Tue Aug 15, 2017 10:34 am

RyanairGuru - spot on! QF isn't old and boring anymore and Virgin isn't young, hip and cheap anymore.

When you look for flights between any of the capital cities and the price comes out the same people are picking QF because Virgin isn't commanding the fare premium that they want/need.

You have got to be better or cheaper. They aren't clearly better than QF and they are certainly not cheaper than QF. Virgin has a big problem.
 
smi0006
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Re: Virgin Australia announces a net loss of $185 million for FY16/17

Tue Aug 15, 2017 10:43 am

redroo wrote:
RyanairGuru - spot on! QF isn't old and boring anymore and Virgin isn't young, hip and cheap anymore.

When you look for flights between any of the capital cities and the price comes out the same people are picking QF because Virgin isn't commanding the fare premium that they want/need.

You have got to be better or cheaper. They aren't clearly better than QF and they are certainly not cheaper than QF. Virgin has a big problem.


I would also say VA has potentially misjudged the gen Y- Virgin kinda award (think V8 ) has not got the same status as flying QF. QF is now seen as sauave and stylish to flash the cash on instagram.
 
Obzerva
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Re: Virgin Australia announces a net loss of $185 million for FY16/17

Tue Aug 15, 2017 11:04 am

smi0006 wrote:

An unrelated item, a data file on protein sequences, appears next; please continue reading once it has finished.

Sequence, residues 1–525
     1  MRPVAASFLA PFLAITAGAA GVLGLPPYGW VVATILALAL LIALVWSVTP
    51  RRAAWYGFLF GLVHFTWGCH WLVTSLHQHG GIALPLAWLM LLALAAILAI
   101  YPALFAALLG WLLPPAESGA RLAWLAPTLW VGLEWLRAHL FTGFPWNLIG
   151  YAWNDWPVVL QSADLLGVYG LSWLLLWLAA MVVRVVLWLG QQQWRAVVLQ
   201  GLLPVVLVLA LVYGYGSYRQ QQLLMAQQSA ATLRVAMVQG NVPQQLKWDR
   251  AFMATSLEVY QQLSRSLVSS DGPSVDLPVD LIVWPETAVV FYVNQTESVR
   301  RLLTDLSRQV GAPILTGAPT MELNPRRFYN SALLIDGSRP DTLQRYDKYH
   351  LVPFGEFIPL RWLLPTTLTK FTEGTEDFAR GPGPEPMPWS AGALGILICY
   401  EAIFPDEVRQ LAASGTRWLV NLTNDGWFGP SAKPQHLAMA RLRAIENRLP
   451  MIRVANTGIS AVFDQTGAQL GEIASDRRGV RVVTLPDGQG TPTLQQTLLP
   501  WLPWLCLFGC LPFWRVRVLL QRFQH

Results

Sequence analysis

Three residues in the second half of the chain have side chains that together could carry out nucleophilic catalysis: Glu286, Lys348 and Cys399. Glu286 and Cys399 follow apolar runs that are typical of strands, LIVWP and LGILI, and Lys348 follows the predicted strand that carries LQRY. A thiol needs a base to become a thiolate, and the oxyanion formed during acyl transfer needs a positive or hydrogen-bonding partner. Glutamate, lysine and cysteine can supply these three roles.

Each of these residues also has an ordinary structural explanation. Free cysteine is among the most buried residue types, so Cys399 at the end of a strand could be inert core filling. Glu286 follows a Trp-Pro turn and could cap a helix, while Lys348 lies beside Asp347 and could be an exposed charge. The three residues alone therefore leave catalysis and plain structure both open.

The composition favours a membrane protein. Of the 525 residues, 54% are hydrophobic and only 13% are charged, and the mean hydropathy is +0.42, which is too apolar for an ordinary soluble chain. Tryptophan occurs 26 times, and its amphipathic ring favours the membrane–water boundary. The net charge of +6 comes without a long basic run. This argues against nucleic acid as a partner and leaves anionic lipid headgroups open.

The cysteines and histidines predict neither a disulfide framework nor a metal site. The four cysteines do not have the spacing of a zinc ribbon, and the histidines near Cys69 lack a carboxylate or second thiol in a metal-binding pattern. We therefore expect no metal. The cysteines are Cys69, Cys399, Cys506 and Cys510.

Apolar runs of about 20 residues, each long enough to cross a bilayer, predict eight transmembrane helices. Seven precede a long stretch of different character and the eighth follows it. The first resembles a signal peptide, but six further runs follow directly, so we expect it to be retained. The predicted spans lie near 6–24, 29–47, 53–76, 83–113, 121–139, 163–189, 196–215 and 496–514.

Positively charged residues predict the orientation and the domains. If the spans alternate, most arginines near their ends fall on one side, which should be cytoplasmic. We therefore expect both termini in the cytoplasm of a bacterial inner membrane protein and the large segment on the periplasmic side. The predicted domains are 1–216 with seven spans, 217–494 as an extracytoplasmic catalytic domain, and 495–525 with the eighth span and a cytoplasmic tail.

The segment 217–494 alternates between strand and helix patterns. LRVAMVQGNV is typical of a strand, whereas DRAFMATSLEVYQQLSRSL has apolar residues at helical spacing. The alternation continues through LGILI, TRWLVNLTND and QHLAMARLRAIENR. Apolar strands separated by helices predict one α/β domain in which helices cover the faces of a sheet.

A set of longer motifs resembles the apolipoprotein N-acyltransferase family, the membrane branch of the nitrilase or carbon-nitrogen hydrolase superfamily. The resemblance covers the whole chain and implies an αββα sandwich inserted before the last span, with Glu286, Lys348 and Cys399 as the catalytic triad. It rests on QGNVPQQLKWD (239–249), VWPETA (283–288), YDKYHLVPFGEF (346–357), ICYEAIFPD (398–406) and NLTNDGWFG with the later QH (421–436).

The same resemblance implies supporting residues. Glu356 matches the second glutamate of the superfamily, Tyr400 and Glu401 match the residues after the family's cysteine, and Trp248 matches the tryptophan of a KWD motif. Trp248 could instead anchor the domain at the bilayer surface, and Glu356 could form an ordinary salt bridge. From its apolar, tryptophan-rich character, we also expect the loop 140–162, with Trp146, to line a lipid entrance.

redroo wrote:
RyanairGuru - spot on! QF isn't old and boring anymore and Virgin isn't young, hip and cheap anymore.

When you look for flights between any of the capital cities and the price comes out the same people are picking QF because Virgin isn't commanding the fare premium that they want/need.

You have got to be better or cheaper. They aren't clearly better than QF and they are certainly not cheaper than QF. Virgin has a big problem.


I would also say VA has potentially misjudged the gen Y- Virgin kinda award (think V8 ) has not got the same status as flying QF. QF is now seen as sauave and stylish to flash the cash on instagram.


To me the V8 sponsorship isn't just an uncomfortable fit between brands, it's just truly bizarre!

Not meaning to stereotype too much, but it would have a much better brand fit with JQ.

VA sponsors Melb Fashion Week from memory, that would have been a far more interesting safety demo vid, with the potential and fun/ridiculousness of the clothes on a catwalk (with floor level lighting along it...)